Alarming Android And iOS GoldPickaxe Malware Wants To Steal Your Face

iphone camera
We've seen malware that wants to steal your files, money, or even your identity, but the new "Gold Pickaxe" mobile malware goes a step further. This nasty little piece of software is active on both Android and iOS, and it steals the victim's face. Security researchers warn the malware could be used to create deepfake versions of the victim to commit financial fraud.

The new malware was spotted by security firm Group-IB, which has connected it to a Chinese threat actor known as GoldFactory. The group's latest endeavor builds on previous malware campaigns like GoldDigger, GoldDiggerPlus, and GoldKefu. The new GoldPickaxe is mainly operating in the Asia-Pacific region, particularly Thailand, but Group-IB stresses that the same technique could be applied anywhere.

GoldPickaxe doesn't leverage any security flaws in Android or iOS—this is a good old-fashioned social engineering attack. The malware operators start by sending messages in messaging apps like Line, claiming to represent government agencies. They direct victims with Android phones to download an app from a website that impersonates the Google Play Store. For iPhone users, they initially used an Apple TestFlight profile to install the malware, but after Apple removed that app the attackers switched to a malicious Mobile Device Management (MDM) profile that allows them to control the device.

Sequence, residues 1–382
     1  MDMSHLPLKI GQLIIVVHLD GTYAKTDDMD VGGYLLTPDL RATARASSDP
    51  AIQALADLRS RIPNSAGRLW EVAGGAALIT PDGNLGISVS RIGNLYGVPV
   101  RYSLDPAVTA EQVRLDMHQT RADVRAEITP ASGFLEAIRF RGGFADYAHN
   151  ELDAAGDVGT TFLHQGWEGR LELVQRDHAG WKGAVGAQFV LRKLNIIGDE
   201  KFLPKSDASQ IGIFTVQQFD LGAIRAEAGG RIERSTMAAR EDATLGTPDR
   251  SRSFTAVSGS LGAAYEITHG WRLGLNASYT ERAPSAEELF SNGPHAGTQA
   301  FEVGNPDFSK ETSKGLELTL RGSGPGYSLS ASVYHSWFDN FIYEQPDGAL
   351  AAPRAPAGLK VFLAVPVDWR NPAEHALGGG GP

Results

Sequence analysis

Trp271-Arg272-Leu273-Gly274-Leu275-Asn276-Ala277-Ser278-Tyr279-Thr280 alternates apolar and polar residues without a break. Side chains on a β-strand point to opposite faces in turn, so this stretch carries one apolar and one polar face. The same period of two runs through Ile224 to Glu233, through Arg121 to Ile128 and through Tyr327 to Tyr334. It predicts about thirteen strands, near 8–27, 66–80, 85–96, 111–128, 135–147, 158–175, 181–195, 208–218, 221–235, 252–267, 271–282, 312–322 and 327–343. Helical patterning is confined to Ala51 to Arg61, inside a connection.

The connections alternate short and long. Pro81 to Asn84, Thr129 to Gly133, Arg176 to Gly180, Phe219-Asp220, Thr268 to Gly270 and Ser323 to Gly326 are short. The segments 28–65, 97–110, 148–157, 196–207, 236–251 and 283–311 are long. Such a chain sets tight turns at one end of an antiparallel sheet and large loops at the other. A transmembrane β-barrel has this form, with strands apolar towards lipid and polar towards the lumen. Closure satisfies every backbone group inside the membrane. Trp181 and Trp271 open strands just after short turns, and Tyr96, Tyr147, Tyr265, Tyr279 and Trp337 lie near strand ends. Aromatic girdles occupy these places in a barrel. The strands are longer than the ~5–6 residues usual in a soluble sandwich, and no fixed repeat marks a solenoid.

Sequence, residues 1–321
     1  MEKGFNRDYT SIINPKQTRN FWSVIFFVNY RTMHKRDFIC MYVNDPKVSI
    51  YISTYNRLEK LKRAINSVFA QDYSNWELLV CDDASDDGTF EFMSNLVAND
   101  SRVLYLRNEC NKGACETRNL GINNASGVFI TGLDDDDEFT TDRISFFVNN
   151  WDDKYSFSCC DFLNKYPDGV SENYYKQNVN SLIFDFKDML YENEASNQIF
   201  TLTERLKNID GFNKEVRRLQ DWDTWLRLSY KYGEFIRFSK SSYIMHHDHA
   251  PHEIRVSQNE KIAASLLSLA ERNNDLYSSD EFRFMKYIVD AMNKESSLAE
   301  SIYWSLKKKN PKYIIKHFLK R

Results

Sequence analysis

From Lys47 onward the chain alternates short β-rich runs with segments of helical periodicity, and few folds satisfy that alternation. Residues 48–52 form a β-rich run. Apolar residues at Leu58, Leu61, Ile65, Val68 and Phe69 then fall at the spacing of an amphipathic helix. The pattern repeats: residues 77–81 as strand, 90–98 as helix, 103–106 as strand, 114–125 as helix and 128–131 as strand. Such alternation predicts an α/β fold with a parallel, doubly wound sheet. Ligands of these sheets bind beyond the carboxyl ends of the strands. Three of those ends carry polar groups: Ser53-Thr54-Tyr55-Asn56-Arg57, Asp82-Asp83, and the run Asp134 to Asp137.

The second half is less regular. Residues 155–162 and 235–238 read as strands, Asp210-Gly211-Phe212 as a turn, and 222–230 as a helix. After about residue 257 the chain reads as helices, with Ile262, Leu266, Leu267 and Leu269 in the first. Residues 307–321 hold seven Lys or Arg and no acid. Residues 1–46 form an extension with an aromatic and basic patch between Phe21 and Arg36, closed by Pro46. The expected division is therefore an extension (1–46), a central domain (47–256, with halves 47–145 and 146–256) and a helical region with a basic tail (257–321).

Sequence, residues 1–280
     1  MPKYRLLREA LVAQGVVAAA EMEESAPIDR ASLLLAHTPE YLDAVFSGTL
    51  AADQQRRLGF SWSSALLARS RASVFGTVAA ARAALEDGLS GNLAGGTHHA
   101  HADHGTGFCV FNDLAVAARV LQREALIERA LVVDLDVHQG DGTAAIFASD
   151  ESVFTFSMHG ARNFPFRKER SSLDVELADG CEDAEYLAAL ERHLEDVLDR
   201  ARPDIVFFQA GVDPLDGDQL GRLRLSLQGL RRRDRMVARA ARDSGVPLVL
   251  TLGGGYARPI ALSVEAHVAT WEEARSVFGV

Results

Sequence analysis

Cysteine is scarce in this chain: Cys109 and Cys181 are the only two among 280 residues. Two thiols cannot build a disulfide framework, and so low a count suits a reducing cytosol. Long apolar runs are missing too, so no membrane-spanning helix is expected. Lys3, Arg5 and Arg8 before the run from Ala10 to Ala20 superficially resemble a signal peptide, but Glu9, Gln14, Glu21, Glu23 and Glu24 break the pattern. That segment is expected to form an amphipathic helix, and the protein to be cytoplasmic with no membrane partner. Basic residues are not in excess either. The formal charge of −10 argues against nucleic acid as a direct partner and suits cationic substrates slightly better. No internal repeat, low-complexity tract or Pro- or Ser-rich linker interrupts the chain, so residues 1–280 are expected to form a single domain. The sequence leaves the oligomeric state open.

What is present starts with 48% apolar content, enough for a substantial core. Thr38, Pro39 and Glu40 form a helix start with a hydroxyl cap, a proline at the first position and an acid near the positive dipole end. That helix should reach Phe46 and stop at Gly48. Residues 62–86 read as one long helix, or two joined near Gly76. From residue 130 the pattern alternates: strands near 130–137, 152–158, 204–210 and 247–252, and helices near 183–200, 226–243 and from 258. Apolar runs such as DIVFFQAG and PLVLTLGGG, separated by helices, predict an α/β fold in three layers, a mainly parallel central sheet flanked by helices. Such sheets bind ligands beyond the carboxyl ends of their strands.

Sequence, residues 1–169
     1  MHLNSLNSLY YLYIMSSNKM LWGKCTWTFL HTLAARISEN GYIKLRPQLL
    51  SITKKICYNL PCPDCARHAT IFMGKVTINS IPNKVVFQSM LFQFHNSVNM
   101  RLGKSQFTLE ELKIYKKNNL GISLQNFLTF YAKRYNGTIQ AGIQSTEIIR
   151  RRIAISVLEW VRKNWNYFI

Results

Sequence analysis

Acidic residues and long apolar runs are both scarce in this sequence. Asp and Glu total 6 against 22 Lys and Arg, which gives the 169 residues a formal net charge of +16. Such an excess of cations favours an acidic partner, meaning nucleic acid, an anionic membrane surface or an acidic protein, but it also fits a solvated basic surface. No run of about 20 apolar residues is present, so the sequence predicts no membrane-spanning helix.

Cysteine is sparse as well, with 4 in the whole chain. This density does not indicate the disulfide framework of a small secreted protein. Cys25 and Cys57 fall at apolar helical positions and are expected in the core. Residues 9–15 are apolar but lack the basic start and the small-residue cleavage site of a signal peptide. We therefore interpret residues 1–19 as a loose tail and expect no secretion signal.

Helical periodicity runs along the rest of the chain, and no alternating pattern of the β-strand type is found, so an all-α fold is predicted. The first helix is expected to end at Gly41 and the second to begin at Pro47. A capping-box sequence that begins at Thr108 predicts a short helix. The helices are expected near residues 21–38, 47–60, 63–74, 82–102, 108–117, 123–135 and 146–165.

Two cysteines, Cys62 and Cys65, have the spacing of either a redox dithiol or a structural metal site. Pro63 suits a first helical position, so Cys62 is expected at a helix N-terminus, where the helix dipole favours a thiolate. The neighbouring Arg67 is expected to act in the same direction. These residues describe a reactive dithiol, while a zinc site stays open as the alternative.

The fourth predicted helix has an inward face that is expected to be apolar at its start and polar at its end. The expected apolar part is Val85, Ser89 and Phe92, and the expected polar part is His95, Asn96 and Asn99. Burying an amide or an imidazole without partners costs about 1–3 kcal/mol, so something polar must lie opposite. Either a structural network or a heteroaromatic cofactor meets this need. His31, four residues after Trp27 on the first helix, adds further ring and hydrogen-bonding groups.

At this point, the victim using the fake governmental app is asked to supply a mountain of personal data. The app captures images of the victim's ID, and it can steal recently captured photos. It also asks the user to film a video of their face with the phone's camera. The interface looks similar to legitimate face unlock systems, but the video is sent directly to the malware's command and control server. The Android client has a few more features, like SMS access, thanks to the more permissive nature of the platform.

face capture

Some financial institutions, particularly those in South Asia, have started requiring biometric verification for large transactions, so GoldPickaxe could enable significant monetary theft. The Thai police have reportedly confirmed that the attackers have used these stolen faces to transfer funds from victims' accounts. Face recognition systems that don't use 3D data are remarkably easy to fool

Importantly, the malware cannot access the biometric data on your phone, reports Bleeping Computer. That data is encrypted and could only be stolen via a serious vulnerability. this app is all about tricking people. Unfortunately, it seems to be pretty good at it.